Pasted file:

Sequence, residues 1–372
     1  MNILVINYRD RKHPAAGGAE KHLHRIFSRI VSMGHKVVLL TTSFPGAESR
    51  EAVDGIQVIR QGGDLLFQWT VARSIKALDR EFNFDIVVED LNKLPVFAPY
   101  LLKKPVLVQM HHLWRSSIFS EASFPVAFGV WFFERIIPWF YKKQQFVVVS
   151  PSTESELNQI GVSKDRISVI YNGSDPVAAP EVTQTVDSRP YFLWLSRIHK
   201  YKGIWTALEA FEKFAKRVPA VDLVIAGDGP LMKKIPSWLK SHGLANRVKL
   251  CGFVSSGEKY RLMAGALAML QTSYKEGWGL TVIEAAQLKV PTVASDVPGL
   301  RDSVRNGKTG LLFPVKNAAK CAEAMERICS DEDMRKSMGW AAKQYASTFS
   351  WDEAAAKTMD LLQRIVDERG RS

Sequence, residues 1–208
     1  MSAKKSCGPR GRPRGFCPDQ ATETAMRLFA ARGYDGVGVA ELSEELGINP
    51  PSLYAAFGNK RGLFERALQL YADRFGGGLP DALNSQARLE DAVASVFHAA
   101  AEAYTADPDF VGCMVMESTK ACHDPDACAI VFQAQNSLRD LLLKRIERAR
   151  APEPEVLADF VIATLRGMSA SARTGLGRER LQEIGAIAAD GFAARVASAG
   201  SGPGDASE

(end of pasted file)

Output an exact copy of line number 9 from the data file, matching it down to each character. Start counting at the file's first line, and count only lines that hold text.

   351  WDEAAAKTMD LLQRIVDERG RS